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Old 08-17-2022, 11:51 AM   #4
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Location: Earth
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Year: 2004
Coachwork: IC
Chassis: CE300
Engine: t444e
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I don't know if it helps, hurts, or doesn't apply. But for numerous reasons, space being one of them, our electric system components are not all in one place. Our SCC, for example, will reside in a cabinet above the driver seat, along with bus bar to combine the two incoming panel inputs and a fuse on the output. Our inverter, batteries, dc-dc charger, battery cutoff switch, and AC dbox (plus all associated bus bars / fuses / breakers) are going to be housed under the front dash area. Finally, our DC fuse / dpanels will be on either side of the bus inside the cabinetry. I opted for one on either side of the bus as it would allow us to easily add circuits in the future without having to worry about running new wires from one side to the other.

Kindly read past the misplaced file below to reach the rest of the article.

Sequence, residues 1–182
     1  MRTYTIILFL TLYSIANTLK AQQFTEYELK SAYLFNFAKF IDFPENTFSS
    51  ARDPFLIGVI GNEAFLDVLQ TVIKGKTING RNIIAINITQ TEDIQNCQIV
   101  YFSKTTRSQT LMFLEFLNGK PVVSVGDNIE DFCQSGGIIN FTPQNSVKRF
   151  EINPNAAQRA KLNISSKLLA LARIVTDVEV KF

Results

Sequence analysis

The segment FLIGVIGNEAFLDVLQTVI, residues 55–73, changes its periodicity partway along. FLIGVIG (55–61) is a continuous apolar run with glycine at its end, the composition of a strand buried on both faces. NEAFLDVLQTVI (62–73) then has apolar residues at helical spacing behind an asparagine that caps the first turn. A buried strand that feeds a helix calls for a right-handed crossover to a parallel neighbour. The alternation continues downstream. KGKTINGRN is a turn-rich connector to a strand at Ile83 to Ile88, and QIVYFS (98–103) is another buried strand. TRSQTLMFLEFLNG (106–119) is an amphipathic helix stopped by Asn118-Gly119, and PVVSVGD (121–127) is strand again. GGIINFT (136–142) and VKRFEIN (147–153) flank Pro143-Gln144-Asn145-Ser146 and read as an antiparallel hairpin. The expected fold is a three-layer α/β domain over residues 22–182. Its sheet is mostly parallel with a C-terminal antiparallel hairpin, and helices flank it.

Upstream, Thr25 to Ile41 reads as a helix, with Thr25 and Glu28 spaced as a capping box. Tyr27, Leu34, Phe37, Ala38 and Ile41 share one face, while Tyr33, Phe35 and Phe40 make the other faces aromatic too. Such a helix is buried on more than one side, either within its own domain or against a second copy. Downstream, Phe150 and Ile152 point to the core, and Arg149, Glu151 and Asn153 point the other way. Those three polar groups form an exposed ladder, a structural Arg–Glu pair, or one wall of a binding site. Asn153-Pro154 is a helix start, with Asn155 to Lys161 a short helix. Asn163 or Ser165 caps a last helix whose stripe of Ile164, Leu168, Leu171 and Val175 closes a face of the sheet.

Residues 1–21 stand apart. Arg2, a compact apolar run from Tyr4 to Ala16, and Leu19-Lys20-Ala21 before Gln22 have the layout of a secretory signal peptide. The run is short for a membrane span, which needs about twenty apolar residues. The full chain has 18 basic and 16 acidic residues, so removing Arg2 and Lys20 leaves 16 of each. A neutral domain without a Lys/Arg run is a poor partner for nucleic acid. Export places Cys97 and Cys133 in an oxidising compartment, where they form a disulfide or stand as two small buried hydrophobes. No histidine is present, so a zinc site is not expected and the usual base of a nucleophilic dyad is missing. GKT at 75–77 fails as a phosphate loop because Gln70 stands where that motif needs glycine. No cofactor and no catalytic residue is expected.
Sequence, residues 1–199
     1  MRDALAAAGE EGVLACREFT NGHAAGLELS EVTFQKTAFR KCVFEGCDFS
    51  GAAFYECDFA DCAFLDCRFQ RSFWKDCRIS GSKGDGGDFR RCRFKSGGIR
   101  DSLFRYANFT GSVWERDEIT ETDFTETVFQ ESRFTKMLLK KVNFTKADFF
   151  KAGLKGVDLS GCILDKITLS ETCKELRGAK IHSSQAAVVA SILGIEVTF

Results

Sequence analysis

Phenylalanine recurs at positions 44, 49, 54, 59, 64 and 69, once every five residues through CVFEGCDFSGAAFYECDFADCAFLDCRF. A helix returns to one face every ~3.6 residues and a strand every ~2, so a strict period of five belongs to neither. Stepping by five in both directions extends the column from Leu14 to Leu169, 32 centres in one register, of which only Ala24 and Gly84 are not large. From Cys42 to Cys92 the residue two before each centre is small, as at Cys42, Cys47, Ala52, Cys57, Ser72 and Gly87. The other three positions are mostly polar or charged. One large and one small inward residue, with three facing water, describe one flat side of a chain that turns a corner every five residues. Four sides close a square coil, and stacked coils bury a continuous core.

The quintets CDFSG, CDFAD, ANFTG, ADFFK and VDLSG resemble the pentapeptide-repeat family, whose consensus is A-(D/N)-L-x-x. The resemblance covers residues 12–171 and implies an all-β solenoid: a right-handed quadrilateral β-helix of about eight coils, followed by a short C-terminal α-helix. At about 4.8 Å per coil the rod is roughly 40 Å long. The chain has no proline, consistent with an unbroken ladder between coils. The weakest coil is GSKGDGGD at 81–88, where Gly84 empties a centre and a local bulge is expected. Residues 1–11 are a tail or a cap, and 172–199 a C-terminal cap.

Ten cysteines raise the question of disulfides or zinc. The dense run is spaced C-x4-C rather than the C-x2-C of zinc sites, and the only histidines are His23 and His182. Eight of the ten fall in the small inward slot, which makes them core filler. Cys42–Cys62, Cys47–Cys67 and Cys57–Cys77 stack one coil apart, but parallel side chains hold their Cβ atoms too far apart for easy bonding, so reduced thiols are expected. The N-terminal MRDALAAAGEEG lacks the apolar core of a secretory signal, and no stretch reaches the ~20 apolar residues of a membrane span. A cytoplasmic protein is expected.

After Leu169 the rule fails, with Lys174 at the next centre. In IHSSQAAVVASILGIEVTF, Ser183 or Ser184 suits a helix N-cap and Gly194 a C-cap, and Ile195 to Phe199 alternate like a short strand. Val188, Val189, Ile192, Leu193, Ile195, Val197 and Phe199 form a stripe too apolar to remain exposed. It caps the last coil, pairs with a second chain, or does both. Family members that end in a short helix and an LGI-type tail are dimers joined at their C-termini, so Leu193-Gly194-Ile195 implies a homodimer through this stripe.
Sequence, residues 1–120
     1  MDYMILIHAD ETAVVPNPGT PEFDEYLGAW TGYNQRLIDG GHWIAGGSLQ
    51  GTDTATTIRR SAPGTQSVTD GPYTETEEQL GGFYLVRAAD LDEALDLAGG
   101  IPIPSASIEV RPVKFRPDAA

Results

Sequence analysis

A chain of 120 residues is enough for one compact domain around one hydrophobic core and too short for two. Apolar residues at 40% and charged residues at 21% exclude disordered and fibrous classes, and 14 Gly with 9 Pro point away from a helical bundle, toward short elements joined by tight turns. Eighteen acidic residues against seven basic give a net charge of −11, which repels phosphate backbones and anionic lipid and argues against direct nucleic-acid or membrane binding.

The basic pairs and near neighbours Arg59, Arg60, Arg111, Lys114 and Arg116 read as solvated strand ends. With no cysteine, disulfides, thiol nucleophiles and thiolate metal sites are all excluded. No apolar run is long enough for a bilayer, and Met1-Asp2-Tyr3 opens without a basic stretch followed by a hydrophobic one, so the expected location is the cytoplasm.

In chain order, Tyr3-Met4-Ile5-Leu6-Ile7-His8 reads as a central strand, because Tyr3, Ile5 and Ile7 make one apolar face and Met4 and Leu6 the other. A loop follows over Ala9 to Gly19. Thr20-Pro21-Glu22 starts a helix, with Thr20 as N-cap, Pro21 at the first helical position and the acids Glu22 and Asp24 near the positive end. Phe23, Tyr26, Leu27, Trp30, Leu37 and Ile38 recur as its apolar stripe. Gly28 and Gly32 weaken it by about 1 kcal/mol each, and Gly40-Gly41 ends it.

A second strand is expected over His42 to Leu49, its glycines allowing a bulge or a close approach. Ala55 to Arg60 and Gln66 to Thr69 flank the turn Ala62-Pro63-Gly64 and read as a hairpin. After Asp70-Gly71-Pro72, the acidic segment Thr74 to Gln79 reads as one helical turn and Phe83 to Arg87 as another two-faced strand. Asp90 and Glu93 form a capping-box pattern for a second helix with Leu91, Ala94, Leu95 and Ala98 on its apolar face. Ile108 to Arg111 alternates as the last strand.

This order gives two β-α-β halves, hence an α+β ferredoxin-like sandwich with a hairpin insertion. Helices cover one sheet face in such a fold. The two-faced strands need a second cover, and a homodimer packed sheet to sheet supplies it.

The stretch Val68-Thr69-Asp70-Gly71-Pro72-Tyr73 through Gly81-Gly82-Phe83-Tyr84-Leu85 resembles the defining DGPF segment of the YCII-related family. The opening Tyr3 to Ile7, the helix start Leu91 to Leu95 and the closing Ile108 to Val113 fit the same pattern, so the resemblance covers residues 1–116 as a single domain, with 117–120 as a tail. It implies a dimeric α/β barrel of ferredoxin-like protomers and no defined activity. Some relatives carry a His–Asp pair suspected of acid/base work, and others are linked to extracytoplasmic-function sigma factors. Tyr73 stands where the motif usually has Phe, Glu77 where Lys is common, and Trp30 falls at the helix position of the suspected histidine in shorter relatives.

Arranged like this, you can literally shut off the battery bank, and / or disconnect everything downstream of the inverter, with a stretch from the drivers seat, or from outside the front door. Plus it makes use of all that hard to use space near the firewall. There are, however, challenges regarding the shape of the space, heat, and the fact our batteries pretty much have to be mounted over the tranny access panel. But I think I've got pretty good solutions planned.
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Old 08-17-2022, 04:38 PM   #5
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Join Date: May 2018
Location: topeka kansas
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Year: 1954
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Chassis: old f500- new 2005 f-450
Engine: cummins 12 valve
Rated Cap: 20? five rows of 4?
My stuff